“Gretel & Hansel” is a creepy variation of one fairy tale quite familiar to many of us. While staying true to the darkness of its original story by the Brothers Grimm, the movie tries a number of different things in terms of story and characters, and I enjoyed how it intrigued me with its distinctive mood and details to be savored.
At first, the movie opens with a disturbing fairy tale about one beautiful but creepy girl. When she became ill and was expected to die soon, her father was so desperate that he eventually decided to take his little daughter to a powerful enchantress, who accepted his tearful request with a certain price in exchange for that. As saving his daughter, she imbues her body with a part of her dark magic power, and, of course, that turns out to be not a very good thing for her father and others in his village.
This fairy tale is the one which Gretel (Sophia Lillis) often tells to her younger brother Hansel (Sam Leakey) during their bedtime. While it may scare him to some degree with a moral lesson, the reality surrounding them has been much harsher and scarier to them at present. After their father died not so long ago, they and their mother have struggled with the ongoing famine and poverty, and Gretel has no choice but to go to the house belonging to some rich old prick. She simply wants to be hired as a new housemaid but, what do you know, this prick turns out to be more interested in whether her maidenhood is, pardon my language, “intact”.
As a strong-willed girl with pride and integrity, Gretel refuses to bend herself to this prick’s demand, so she returns without any good news, and her mother, who has been rather unstable in her mind due to their continuing despair and hopelessness, declares that, from now on, there will be no space for Gretel and Hansel in her house. Discerning that there will be more trouble due to her mother, Gretel promptly walks out of the house along with Hansel, who is understandably not so pleased in addition to being quite hungry.
During their first night outside the house, Gretel and Hansel are soon reminded of how harsh and dangerous their world can be, but, fortunately, they happen to encounter a hunter living around a nearby forest, who turns out to be much more generous and compassionate than expected. As allowing them to stay at his shabby residence for a while, he gives them an instruction on how to pass through the forest and then find some people who may hire them, though Gretel is not wholly comfortable with his gentle kindness.
Of course, once they enter the forest on the very next day, Gretel and Hansel cannot help but become agitated by the increasingly ominous mood of the forest. In addition, they get hungry again some time later, so they eventually eat mushrooms on the ground after Gretel check them out in her own way, and that leads to one of a few amusing moments in the film.
Not long after this incident, Gretel and Hansel come across a strange big wooden house located somewhere in the middle of the forest. While not being edible at all in contrast to that magical house depicted in the story of the Brothers Grimm, this house apparently looks weird and sinister in its deliberately anachronistic architecture style, but Gretel and Hansel cannot possibly resist it after discovering that there is lots of delicious food in the dining area inside the house.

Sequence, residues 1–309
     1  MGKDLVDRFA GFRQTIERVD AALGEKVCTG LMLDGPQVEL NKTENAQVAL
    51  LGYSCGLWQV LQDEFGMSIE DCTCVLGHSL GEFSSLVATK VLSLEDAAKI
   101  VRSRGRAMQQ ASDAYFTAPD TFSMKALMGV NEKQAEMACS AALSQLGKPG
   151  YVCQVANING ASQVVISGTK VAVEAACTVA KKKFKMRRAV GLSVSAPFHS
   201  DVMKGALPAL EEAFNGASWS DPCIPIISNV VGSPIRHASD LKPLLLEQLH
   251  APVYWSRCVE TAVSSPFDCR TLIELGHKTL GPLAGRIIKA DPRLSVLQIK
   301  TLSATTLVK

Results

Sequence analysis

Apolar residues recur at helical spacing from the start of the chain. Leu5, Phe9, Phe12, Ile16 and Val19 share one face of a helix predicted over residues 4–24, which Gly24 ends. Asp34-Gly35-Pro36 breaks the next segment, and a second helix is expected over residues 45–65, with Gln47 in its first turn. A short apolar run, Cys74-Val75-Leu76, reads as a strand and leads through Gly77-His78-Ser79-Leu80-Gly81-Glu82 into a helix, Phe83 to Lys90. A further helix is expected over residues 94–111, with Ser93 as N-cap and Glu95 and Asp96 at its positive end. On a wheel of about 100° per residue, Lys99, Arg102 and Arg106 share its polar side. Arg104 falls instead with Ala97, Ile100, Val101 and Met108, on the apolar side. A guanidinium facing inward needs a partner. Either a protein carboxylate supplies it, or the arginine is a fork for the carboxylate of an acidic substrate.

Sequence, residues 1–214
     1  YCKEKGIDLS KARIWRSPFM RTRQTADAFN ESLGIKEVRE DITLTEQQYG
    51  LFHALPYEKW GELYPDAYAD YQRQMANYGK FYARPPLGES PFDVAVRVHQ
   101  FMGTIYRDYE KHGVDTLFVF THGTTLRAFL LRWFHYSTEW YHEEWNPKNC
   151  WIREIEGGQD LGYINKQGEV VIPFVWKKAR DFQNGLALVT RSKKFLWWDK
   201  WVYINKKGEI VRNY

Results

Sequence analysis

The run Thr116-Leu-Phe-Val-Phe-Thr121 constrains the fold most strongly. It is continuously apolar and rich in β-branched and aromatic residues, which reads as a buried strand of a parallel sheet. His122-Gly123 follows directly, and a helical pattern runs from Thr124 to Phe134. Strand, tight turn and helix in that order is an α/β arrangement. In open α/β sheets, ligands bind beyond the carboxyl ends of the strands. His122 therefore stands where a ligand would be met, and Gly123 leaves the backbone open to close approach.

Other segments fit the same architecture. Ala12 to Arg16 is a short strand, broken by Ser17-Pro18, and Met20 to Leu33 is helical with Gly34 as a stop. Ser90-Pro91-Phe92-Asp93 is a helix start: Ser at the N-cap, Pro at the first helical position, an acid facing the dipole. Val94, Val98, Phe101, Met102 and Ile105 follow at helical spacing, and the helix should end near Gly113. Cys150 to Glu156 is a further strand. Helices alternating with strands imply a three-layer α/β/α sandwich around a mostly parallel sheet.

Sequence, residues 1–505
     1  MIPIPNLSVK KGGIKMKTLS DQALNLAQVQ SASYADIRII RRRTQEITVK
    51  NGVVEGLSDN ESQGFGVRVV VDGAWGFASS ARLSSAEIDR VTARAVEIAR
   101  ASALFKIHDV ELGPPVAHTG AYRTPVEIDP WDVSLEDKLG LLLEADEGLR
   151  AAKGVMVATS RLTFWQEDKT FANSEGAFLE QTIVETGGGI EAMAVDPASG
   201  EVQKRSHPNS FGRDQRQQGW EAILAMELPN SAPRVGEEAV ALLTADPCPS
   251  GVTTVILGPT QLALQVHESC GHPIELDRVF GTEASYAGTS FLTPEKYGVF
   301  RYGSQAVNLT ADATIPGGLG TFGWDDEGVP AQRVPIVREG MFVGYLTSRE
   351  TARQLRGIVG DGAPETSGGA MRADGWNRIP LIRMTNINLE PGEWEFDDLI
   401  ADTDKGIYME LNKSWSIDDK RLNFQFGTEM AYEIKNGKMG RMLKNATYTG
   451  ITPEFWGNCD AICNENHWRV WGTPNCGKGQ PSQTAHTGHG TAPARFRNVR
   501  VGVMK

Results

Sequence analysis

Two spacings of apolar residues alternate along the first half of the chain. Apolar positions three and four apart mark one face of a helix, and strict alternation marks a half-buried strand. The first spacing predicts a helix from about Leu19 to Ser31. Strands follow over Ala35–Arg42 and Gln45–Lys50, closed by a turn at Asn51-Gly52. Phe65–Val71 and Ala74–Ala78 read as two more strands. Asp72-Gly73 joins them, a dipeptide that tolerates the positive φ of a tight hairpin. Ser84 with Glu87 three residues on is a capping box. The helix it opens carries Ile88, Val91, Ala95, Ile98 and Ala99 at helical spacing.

As you have already expected, Gretel and Hansel soon meet an old lady living in the house, who lets them in the house and then eat those tasty dishes as much as they can. While Hansel does not mind this hospitality at all, Gretel remains skeptical and watchful, and the moody atmosphere inside the house further amplifies her suspicion. As a girl with some special gift, she comes to sense more of the darkness lurking around here and there in the house, and it looks like the old lady is hiding something insidious behind her back.
It is not much of a spoiler to tell you that Gretel and Hansel will subsequently come to face the fiendish side of their suspicious host, but the screenplay by Rob Hayes delivers a number of unexpected moments, and its expected climax, which is accompanied with lots of fire as you have already guessed, is skillfully delivered by director Osgood Perkins and his crew members including cinematographer Galo Olivares. As previously shown from “I Am the Pretty Thing That Lives in the House” (2016), Perkins is a talented filmmaker who knows how to engage us via mood and details, and he and Olivares provide us several striking visual moments packed with creepiness gradually encroaching upon the screen.
The movie is basically a three-character story, and its three main performers are effective in their respective roles. While Sophia Lillis, who recently drew our attention with her plucky performance in “It” (2017) and its 2019 sequel, is believable in her character’s gradual transformation along the story, Alice Krige has some naughty fun with her devious character, and young performer Sam Leakey holds his own small place between his two co-stars.
In conclusion, “Gretel & Hansel” is another well-made horror film from Perkins, and I appreciate how it takes its time in building up story, mood, and characters before going all the way on full horror mode as required. The overall result is rather modest on the whole, but it works as well as intended while often impressing and intriguing us with its effective elements, so I will not grumble for now.